Albert Michelson and Edward Morley’s 1887 investigation into the qualities of ‘luminiferous aether’, the medium through which light was popularly supposed to move, was, according to Waldy Tolliver, the narrator of John Wray’s mad but brilliant fourth novel, ‘the most spectacular failure in scientific history’. They assumed that the speed of light would vary according to the speed at which it was observed; their experiment instead proved that light always moved at near enough the same speed. Not only did this accidental discovery tell them nothing about the qualities of ‘luminiferous aether’, it also undermined the fundamental tenets of Newtonian mechanics. If the speed of light was constant, one or both of space and time couldn’t be.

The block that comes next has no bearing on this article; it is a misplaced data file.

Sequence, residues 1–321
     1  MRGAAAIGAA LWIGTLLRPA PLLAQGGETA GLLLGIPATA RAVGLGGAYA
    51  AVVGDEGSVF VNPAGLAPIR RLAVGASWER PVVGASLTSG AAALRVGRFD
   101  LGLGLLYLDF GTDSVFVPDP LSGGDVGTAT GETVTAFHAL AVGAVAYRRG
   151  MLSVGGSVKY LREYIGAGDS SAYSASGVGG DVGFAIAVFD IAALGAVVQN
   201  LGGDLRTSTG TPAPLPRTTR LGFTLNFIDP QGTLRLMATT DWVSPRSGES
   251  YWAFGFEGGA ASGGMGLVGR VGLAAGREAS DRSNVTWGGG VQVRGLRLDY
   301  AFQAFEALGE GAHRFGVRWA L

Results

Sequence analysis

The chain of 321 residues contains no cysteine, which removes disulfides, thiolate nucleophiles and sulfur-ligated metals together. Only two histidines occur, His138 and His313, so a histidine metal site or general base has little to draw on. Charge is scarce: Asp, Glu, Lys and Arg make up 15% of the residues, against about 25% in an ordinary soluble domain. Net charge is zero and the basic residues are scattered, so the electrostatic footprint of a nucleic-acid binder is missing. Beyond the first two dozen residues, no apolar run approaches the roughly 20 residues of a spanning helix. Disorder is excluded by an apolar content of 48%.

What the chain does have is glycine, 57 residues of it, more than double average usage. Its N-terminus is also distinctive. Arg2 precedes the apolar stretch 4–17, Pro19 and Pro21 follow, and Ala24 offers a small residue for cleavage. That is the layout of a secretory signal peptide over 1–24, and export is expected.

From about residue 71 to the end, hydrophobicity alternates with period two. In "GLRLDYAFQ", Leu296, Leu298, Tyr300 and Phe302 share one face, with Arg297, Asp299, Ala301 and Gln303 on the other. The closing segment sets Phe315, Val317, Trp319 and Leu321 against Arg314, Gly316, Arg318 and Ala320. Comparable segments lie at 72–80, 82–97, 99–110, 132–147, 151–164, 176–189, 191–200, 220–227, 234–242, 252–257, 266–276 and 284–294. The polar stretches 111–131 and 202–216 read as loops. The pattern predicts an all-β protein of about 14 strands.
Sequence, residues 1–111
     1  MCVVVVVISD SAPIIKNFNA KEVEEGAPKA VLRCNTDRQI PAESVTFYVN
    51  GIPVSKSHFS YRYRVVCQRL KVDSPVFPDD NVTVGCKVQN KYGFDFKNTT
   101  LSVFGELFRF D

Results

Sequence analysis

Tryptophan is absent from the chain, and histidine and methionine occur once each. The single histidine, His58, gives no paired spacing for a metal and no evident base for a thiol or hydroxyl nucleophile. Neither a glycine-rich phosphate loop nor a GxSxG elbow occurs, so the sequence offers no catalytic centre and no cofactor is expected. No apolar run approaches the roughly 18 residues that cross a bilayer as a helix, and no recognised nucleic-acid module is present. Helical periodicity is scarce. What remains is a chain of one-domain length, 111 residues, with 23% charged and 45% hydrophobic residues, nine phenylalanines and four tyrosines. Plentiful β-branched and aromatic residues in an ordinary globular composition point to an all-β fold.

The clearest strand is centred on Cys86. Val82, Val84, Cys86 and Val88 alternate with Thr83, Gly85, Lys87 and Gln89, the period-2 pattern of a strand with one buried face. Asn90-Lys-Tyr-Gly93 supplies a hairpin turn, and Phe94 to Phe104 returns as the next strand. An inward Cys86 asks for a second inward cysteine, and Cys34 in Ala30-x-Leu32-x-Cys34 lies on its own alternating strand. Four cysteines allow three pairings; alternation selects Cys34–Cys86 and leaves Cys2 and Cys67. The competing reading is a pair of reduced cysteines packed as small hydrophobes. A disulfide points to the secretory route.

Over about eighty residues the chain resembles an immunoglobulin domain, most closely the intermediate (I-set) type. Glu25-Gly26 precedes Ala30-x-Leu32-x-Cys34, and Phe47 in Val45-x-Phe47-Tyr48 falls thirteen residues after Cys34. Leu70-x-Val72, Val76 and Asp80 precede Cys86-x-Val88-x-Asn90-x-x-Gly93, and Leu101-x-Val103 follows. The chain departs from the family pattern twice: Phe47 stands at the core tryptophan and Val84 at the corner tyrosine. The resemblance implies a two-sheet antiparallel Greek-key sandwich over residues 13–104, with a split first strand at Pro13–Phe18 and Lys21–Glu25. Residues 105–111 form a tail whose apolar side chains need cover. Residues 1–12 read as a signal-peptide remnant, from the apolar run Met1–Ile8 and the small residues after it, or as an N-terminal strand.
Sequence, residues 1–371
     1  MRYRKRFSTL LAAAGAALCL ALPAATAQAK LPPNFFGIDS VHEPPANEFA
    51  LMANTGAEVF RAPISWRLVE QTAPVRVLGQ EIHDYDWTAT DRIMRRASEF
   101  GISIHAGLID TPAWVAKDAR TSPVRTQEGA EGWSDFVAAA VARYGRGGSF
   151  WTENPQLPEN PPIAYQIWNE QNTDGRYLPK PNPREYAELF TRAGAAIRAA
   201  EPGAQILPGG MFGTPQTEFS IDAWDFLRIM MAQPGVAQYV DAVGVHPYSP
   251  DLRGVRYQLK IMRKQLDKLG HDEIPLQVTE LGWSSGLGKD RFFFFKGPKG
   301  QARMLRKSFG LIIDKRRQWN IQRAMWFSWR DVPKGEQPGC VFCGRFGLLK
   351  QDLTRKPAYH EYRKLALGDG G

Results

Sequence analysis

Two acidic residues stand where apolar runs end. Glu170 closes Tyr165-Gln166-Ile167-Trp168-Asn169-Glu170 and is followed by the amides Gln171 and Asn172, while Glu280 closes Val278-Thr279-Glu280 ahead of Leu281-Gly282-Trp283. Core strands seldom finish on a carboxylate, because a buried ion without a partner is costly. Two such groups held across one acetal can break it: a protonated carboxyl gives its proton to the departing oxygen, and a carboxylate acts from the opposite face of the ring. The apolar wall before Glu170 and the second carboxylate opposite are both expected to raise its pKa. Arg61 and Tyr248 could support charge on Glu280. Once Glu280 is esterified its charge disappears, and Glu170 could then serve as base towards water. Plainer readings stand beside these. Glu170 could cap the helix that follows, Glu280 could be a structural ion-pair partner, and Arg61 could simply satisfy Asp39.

Waldy’s family have been obsessed with ‘space-time’ since 1903, when his great-grandfather Ottokar, a Moravian pickle merchant and amateur physicist, died, leaving a cryptic note claiming to have solved the problems raised by Michelson and Morley, with vague but rapturous references to ‘Lost Time Accidents’. The Tollivers call this obsession